is great for spinning Pygora

Click on photo to enlarge

Pygora is a dream to spin once you get the hang of it.  It is a slippery fiber, so care should be taken to put enough twist in it to hold it together, but not so much twist that your yarn comes out looking and feeling like rope.  Here is where keeping a smooth rhythm and counting twisted really pays off.  Most of the time, each fleece and fiber will tell you how it wants to be spun.  The diameter of the fiber and scale proportion are what causes this.  More scales means more fiber will want to grab in each draft, less scales mean fewer will catch and a thinner yarn will be produces.  Relax and experiment with some fiber before you begin your project.

Check the ratio of your wheel to help figure how much twist is going into each draft.  Experiment and feel the fiber and see how it drafts and what the singles look like.  If it needs more twist, shorten your drafting zone or drop down a whorl size on your wheel.  If you want less twist, make the drafting zone larger or bring your whorl up one size.

Remember, type "A" should be spun thin.  Type "B" can be spun a bit thicker as it is lighter than "A".  some "B" 's spin a bit thicker all on their own.  Type "C" should not be spun too thick as the yarn is extremely warm.

It will take some time and patience, but your experiments will help you learn how each fiber will spin for you.  Use different drafting zones, different counts, different whorls and different fleeces.  Always keep records on each trial so you can go back and reproduce the yarn you want and not make mistakes over and over.


Working With Short Fibers

Working with short fibers requires a little more planning.  The easiest way to spin short fibers, for most people, is to spin a woolen yarn.  You can make a great worsted yarn, however, it takes much longer because your drafting zone is very short.  A normal drafting zone is about half the length of the fiber, so pull out a piece of what you want to spin and figure how long half is.  Combing the fiber will stretch the drafting zone a little.  While combing is very time consuming, that extra bit of drafting zone is worth it.

Drum carding is another good way to prepare short fibers, but remember, it does not take out all the lumps and bumps.  Fiber that has been through the drum carder can be spun either worsted or woolen depending on how it was drafted.  To spin woolen, let the twist run right into the fiber in your drafting hand.  In worsted, you pull out a few fibers with your front hand then pinch your back hand.  This will keep the twist between your front hand and the wheel and prevent any twist from getting into the fiber in your back hand.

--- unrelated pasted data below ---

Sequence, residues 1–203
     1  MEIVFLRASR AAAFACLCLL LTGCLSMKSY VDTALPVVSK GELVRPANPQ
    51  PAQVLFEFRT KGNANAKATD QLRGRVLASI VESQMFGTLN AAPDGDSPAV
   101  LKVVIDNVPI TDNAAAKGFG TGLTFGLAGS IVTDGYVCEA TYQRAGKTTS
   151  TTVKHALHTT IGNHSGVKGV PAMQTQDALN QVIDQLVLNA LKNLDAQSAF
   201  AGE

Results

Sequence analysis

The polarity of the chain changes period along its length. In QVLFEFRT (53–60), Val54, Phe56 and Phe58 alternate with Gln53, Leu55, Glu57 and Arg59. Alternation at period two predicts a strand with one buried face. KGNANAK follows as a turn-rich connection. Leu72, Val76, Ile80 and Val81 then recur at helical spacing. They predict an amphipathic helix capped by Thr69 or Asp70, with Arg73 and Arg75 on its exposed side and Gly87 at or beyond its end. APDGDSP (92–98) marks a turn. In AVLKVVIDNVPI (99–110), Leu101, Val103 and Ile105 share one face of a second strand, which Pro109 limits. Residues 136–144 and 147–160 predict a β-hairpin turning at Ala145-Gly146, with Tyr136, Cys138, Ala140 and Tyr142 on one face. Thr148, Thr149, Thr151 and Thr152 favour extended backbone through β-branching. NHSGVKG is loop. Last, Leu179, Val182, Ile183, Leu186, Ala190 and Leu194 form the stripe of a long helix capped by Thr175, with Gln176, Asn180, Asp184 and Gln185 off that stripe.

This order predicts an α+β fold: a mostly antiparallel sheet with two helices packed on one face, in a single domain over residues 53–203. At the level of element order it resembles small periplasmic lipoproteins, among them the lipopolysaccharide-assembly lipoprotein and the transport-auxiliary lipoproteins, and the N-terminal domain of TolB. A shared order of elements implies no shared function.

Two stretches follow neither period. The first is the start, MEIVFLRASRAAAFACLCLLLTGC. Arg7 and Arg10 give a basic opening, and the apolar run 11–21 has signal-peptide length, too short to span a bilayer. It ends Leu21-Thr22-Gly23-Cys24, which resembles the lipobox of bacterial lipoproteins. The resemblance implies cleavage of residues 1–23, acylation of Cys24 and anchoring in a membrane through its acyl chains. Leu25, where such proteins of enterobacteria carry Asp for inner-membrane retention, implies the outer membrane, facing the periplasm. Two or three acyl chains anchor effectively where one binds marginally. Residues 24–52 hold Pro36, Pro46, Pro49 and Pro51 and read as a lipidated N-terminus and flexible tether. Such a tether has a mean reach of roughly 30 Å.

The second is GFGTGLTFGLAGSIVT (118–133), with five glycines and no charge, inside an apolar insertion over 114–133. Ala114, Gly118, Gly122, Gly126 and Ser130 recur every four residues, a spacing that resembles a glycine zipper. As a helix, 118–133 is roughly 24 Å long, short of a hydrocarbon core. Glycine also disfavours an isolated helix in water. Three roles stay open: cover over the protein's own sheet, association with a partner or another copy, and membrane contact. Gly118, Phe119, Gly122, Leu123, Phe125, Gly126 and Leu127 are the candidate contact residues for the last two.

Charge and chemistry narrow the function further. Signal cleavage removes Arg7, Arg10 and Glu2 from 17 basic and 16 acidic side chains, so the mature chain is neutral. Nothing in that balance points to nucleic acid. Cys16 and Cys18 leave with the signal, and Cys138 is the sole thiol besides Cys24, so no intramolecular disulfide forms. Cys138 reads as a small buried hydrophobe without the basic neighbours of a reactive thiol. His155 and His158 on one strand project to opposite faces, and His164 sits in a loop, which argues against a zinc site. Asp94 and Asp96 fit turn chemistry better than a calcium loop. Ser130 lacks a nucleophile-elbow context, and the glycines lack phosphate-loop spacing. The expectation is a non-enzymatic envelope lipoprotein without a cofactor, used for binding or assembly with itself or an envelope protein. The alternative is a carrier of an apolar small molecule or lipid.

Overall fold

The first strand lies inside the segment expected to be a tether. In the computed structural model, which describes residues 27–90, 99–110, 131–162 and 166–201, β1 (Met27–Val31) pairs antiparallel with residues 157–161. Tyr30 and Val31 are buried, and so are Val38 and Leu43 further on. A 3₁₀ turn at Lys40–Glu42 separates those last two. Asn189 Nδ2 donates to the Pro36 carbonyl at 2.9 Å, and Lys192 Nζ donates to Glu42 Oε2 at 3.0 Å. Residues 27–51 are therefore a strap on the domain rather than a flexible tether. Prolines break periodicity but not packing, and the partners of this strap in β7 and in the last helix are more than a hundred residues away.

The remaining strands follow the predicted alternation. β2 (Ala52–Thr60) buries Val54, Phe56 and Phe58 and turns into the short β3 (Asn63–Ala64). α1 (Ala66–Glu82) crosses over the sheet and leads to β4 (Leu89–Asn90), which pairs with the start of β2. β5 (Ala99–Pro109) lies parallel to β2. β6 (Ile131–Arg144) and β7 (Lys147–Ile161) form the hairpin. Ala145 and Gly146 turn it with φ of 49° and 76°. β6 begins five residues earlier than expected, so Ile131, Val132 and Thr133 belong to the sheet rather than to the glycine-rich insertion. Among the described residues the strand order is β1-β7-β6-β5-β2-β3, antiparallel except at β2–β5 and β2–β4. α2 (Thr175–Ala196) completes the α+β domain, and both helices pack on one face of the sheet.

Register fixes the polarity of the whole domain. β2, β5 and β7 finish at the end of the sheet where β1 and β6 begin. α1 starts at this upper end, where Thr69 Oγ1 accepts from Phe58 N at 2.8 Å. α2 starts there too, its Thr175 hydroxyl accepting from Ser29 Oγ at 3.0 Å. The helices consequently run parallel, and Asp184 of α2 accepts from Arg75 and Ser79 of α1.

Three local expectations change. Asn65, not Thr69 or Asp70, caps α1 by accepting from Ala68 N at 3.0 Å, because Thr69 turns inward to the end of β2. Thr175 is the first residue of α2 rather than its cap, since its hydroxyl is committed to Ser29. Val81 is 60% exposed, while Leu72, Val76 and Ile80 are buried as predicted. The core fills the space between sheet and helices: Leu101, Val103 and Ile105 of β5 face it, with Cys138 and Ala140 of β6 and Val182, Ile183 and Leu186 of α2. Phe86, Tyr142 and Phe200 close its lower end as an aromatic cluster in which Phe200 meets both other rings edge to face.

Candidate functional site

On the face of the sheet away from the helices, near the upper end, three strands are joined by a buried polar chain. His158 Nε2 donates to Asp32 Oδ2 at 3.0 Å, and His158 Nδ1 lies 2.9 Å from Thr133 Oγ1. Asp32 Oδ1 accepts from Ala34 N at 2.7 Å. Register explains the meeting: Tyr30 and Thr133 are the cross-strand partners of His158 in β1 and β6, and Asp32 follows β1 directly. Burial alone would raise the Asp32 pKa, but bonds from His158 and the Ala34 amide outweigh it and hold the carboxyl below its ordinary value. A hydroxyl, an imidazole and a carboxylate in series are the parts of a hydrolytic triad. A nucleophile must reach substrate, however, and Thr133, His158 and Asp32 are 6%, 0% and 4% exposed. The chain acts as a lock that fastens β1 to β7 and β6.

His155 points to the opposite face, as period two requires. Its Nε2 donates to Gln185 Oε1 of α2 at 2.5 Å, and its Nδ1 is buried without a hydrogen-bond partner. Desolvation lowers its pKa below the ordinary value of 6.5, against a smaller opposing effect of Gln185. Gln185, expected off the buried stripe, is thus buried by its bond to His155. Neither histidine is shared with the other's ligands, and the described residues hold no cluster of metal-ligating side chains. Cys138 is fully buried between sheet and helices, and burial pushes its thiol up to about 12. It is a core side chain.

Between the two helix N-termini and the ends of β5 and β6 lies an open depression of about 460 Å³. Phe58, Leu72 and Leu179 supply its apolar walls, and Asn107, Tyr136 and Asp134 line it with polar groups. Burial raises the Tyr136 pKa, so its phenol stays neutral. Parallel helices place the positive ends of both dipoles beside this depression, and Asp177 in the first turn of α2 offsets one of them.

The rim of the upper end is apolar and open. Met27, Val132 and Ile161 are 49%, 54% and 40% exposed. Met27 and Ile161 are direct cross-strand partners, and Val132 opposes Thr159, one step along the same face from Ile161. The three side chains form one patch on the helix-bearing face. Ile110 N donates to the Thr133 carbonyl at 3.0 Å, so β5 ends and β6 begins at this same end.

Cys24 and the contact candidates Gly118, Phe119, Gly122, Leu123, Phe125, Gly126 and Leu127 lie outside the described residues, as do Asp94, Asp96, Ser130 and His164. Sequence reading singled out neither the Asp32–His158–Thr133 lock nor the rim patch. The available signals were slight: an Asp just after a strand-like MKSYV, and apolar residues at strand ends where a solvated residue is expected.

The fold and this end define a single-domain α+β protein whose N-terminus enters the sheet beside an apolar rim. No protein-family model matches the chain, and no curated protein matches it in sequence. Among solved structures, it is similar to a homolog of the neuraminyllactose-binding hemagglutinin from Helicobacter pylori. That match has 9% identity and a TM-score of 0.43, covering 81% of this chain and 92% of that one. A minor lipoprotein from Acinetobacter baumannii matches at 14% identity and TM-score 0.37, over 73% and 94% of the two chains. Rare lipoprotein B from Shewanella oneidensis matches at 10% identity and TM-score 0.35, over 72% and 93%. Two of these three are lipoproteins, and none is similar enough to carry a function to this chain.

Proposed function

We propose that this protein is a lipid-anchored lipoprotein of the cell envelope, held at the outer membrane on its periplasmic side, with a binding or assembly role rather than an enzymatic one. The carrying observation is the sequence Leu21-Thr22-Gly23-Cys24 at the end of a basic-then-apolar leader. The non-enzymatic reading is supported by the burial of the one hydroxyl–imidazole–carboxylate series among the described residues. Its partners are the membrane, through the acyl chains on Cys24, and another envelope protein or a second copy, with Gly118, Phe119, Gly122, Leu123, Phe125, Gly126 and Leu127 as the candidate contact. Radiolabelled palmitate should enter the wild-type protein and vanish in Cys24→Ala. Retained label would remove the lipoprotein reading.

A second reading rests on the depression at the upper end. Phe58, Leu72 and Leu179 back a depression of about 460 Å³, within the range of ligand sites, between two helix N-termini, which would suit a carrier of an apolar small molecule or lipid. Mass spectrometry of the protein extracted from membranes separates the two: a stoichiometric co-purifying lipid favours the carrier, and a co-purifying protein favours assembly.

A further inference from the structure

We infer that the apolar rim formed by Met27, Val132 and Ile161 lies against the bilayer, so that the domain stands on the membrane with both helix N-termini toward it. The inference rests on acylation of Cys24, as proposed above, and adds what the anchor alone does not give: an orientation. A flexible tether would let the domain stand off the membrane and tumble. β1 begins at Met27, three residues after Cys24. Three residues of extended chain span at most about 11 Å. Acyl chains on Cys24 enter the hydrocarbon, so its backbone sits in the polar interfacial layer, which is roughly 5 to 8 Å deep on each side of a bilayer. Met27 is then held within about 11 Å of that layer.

Hand cards are also used to prepare short fibers.  The way you roll the fiber off the cards depends on your choice of woolen or worsted spinning.  Planning your project and the way you want to spin your fiber is very important.  If you suit your fiber to your yarn and project before you start, you will have much better results.  There is nothing worse than doing all that work to find out after you have finished spinning that the yarn you made will not work for what you wanted to make.  If this happens, don't throw it away.  There is a use for every yarn, just give it a chance!


"Fulling" Process 
 for a soft and fluffy Pygora yarn
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Soak your Pygora skein in hot water for a couple of minutes, squeeze the water out, then soak it in cold Ice water for a couple of minutes, then squeeze the water out.  Do this about 2 more times.  Once this is done, take the skein outside and smack it on a clean surface several times for a couple of minutes or until the yarn starts to fluff up giving it the "halo" effect.  Let it dry then re-skein.  If it's not fluffy enough, repeat the process until you will have a soft, fluffy, skein of Pygora yarn.

Click Here for more details between the 3 fleece types

About Hawks Mountain Ranch Pygora Goats | Our Herd Management Practices | What is A Pygora Goat? | Frequently asked Questions about  Pygora Goats |  How to Prepare & Spin Pygora Goat Fiber | The Pygora Goat as a Fiber Breed | Our Herd Sires  | Magazine & newspaper clippings about our Pygora Goats | Fun photos of our Pygora Goats and our farm | Shipping our Pygora Goats across the U.S. | Products made from Pygora Goat Fiber | Pygora Goat Health and Kidding Info